Monday, March 19, 2012

What Is the Future of Anabaptism?

It is little secret that I admire and cherish the historical witness of the Anabaptist's. I like to think that along with that admiration come eyes that are wide open. I try not to engage in hero worship when it comes to the Anabaptist's (or the Reformers or Puritans, etc.). I understand that in early Anabaptism there were tendencies to zealotry that descended into dangerous ground and areas of doctrine that were a bit off. It is understandable that there are some areas where maybe doctrine wasn’t fully fleshed out given the conditions of extreme persecution up to and including martyrdom. When members of the state church are chasing you all over the place, it makes it hard to sit down and write lengthy systematic theologies.

It is especially odd that I of all people find such kindred spirits in the early Anabaptist's. As someone who up until a few years ago listened religiously (pun intended!) to the White Horse Inn where Anabaptism was invoked as a bogeyman to explain every ill that has every happened in the church, it took quite a lot to get past the misinformation so I could examine their history honestly and openly. As I have studied the Anabaptist's and come to appreciate them more and more, I have also looked at their offspring and wondered what the future holds.

As everyone who has studied church history knows, Anabaptism was originally a European phenomenon. Hundreds of years later, the Anabaptism which started in Europe is now primarily a North American movement. Not to suggest that there is not an Anabaptist presence elsewhere, in Europe of course and South America and even New Zealand, but the bulk of modern-day Anabaptist's are North American. All of the Amish are here. Most of the Mennonites and German Baptist Brethren and Hutterites as well. America seems tailor made for a people who were born out of a rejection of the perverse church-state system and sought for a religion of simple Biblical fidelity.I can't say that living in America has been terribly healthy for the children of the step-children of the Reformation.

In North America today, there are two main streams of Anabaptism that are rapidly running in opposite directions, streams characterized by the relative level of conservatism each holds to. Each passing year, even in the short time that I have been studying, observing and participating in Anabaptism I have seen this gulf widen.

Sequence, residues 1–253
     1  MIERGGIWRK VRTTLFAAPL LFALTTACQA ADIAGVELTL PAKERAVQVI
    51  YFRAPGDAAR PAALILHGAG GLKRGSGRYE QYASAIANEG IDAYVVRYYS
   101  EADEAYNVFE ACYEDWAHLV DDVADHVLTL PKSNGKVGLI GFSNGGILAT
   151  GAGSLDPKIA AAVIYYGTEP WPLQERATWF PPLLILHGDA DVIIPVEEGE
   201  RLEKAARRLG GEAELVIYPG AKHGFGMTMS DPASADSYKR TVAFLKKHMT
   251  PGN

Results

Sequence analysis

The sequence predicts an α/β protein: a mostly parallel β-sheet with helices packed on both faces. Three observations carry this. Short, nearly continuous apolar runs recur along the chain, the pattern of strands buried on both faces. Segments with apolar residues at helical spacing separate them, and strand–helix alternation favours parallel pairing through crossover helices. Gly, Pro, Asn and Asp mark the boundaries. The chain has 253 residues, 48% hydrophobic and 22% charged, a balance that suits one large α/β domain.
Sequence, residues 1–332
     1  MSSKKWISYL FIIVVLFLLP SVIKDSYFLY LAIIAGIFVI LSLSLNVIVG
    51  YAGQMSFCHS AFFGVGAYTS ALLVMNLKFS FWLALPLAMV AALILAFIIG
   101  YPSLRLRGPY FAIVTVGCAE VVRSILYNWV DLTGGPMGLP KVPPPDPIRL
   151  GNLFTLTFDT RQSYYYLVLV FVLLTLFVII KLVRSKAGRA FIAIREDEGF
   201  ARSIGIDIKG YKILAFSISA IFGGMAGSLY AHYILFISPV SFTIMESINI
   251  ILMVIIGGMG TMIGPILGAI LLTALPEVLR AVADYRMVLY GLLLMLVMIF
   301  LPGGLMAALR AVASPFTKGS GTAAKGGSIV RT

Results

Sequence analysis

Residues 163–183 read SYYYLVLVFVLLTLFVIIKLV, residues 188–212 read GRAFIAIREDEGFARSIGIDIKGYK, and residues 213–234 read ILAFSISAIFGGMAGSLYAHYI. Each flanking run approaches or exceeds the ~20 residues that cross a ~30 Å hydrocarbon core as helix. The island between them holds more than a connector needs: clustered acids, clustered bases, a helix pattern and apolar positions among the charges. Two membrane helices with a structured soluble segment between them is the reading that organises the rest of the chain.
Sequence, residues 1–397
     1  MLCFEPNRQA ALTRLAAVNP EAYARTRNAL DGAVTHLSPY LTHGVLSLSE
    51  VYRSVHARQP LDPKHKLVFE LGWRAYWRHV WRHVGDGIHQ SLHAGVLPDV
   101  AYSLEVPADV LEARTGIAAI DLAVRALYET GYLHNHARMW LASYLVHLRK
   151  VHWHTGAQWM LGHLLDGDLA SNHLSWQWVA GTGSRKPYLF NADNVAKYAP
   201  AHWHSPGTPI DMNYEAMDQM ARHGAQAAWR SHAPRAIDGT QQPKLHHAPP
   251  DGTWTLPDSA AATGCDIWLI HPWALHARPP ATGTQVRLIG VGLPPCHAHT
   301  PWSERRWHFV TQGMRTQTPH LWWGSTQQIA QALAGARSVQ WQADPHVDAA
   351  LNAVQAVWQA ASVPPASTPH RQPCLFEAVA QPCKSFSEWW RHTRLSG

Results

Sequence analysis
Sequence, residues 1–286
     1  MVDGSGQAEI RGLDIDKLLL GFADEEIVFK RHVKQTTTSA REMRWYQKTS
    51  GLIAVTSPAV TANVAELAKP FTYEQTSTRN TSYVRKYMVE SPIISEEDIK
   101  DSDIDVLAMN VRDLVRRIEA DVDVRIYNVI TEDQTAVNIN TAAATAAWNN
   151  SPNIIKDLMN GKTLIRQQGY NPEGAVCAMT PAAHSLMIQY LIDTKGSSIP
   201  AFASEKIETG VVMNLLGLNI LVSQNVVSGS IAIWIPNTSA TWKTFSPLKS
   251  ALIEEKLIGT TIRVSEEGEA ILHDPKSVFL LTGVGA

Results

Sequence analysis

Hutterites - Photo by Kelly Hofer
In conservative circles, the focus seems to be on preserving the past and protecting against changes. Many conservative Anabaptists have watched with horror as Anabaptist groups went liberal and embraced worldly values. I can understand the concern. There are so many examples of churches and denominations that start to compromise in this area or that doctrine and before you know it there ceases to be even a semblance of Biblical fidelity. On the other hand this concern over the proverbial camel's nose under the tent often leads to rigidity and stubborn, perhaps so far as blind, reliance on traditions. In turn this leads to suspicion of other Christians and an unhealthy separation from the broader church.

Even in conservative Anabaptism there is a constant roiling of the water every time someone seems to be getting too liberal. In 1910 the Conservative Mennonite Conference was established as a sort of bridge between the Old Order Amish and the slide toward liberalism among more mainstream Mennonite groups. In 1998 a number of Conservative Mennonite Conference churches split off because the Conservative Mennonites were not nearly conservative enough, splitting over the issue of a relaxed stance on women veiling, the issue of divorce and remarriage and “worship style”. These churches formed the Biblical Mennonite Alliance. This sort of thing is pretty common. Having seen too often churches and denominations start down a path toward loosening rules, many conservative Anabaptist seem hyper-sensitive to anything that looks like a capitulation to the culture, sometimes difficult to distinguish from deviating from fairly recent traditions. While this hyper-conservatism has a number of problems, it is also true that many people are actually more attracted to conservative faith and practice than they are more liberal, less dogmatic expressions of the church. When you add in the tendency for Christians in these groups to get married young, stay married and have large families, there certainly is a solid future for the most conservative expressions of Anabaptism but I unfortunately see that future full of even more division.